Why is the pelvic floor so important?
Your pelvic floor muscles span the base of your pelvis to keep your pelvic organs in the correct position, tightly close your bladder and bowel and help with sex.
In order to perform their job properly your pelvic floor muscles need to be strong and functioning in the right way at the right time. When they aren't functioning properly you can experience symptoms such as incontinence, pelvic pain and diminished sensation or satisfaction during sex.
When the pelvic floor bears weight for a prolonged amount of time, as it does while you're pregnant, it can be weakened. This weakening can begin from fairly early on in your pregnancy, and other common pregnancy-related issues, such as constipation, can also contribute to this weakening effect.
It is vital to do pelvic floor exercises regularly during pregnancy to support your pelvic floor. This can also help you minimise the risk of incontinence and pelvic prolapse after the birth.
How to work out your pelvic floor muscles
A great way to strengthen up your pelvic floor muscles is to give them a 'squeeze'. You can do these simple pelvic floor exercises by squeezing your internal muscles as if you are trying to stop yourself from passing wind or going for a wee. However, please don't squeeze your muscles whilst you are having a wee, as this can stop your bladder from emptying properly.
You may feel some tightening in your lower abdominal muscles, this is perfectly normal. It is important to breathe normally while doing your exercises. If you have trouble feeling the 'squeeze', or feel that you are bearing down rather than squeezing up, get in touch with a Women's Health Physio who will be able to help you.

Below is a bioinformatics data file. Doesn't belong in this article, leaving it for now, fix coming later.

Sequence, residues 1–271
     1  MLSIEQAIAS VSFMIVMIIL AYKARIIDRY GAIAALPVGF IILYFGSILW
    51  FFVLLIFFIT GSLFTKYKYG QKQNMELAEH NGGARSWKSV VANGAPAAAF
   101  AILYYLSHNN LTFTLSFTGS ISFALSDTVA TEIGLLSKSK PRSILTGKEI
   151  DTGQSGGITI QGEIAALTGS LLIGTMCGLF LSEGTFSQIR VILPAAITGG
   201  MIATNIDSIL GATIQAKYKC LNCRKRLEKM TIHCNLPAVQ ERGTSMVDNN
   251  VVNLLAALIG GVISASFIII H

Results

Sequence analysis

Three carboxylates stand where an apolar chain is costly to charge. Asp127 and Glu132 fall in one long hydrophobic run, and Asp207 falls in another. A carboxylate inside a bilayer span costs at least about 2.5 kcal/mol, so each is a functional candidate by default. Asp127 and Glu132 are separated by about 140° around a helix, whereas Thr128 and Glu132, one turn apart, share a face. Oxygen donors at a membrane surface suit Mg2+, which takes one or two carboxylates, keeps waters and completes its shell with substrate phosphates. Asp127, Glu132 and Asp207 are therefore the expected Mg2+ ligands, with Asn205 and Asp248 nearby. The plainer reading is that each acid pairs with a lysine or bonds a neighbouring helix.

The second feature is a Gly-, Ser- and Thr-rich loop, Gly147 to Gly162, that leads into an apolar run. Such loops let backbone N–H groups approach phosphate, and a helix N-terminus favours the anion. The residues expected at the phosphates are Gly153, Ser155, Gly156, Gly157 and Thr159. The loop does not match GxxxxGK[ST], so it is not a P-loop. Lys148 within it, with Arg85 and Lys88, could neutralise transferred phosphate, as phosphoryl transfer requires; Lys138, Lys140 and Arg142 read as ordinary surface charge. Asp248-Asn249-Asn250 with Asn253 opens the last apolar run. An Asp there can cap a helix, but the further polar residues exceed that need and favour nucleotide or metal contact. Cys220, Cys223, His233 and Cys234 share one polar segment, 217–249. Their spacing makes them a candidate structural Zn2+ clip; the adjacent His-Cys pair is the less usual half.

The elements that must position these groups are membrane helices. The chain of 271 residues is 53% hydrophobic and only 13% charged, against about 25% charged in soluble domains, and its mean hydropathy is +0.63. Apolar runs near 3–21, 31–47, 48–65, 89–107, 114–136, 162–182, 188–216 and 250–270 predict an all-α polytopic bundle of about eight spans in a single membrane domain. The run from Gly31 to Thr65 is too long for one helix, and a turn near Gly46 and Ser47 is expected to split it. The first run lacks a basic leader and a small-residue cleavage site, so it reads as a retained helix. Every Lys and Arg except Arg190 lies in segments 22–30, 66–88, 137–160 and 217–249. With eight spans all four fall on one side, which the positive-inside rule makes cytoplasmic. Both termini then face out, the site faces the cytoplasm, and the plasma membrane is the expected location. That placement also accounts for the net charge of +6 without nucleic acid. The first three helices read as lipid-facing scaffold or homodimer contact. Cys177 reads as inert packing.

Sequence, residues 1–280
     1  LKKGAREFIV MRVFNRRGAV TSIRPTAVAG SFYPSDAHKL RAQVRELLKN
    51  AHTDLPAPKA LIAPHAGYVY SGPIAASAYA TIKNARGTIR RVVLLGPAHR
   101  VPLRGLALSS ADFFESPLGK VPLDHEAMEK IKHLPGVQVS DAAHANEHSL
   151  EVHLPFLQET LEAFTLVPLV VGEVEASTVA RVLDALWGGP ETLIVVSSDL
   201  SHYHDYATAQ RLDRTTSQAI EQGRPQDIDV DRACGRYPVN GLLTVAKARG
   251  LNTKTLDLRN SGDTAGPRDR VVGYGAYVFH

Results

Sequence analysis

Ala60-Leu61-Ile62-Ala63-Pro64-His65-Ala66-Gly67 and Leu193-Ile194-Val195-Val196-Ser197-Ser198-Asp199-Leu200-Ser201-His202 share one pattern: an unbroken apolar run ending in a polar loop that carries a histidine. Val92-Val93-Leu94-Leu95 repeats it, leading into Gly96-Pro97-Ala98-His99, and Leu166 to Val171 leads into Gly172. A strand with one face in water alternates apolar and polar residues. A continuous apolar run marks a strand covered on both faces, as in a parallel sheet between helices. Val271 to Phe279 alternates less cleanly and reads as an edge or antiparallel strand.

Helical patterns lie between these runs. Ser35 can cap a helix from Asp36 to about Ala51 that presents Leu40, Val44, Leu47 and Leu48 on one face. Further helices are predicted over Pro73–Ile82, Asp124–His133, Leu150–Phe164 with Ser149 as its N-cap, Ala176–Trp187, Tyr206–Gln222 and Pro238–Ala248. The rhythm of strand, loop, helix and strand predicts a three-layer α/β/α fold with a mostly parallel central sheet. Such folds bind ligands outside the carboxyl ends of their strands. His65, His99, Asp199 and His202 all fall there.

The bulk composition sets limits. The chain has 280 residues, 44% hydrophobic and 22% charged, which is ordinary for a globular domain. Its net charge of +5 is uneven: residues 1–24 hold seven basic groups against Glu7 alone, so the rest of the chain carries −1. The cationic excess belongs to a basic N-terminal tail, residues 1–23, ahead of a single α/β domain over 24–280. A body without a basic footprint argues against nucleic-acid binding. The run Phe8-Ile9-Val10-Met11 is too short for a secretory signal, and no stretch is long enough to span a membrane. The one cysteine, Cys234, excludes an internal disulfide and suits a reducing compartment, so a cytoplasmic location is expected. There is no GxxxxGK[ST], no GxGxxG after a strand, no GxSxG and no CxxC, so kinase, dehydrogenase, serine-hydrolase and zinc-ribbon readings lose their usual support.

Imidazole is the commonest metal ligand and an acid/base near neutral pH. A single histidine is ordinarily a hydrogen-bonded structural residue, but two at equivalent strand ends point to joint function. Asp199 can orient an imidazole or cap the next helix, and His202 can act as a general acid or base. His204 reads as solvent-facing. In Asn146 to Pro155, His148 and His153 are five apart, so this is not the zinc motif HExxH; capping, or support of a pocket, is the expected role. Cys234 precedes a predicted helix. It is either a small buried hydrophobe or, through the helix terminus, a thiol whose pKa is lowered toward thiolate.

Rachel Bromley MCSP, Grad Dip Phys., MSc. is one of Nuffield Health's most senior Women’s Health Physiotherapists and is the clinical lead for Women's Health physio within the company. She has specialist training in the assessment and treatment of a variety of women’s health conditions, including urinary stress incontinence, urgency, symptoms of prolapse, voiding dysfunction, pelvic girdle pain and other pregnancy related conditions.
You should try to do a mix of short and long squeezes. To do your short squeezes, squeeze and lift your pelvic floor muscles and then relax. Repeat until your muscles get tired. For long squeezes, challenge yourself to see how long you can hold it for. Aim to build up to doing 10 fast and 10 slow squeezes three times a day.
You may find it easier to start off doing these exercises lying down, but as you progress try to move to standing up. There are some great apps that can be downloaded to your smart phone to help remind you to do your exercises, or why not stick a few little coloured dots around your home, car or office to give you a nudge?
Last updated: over 3 years ago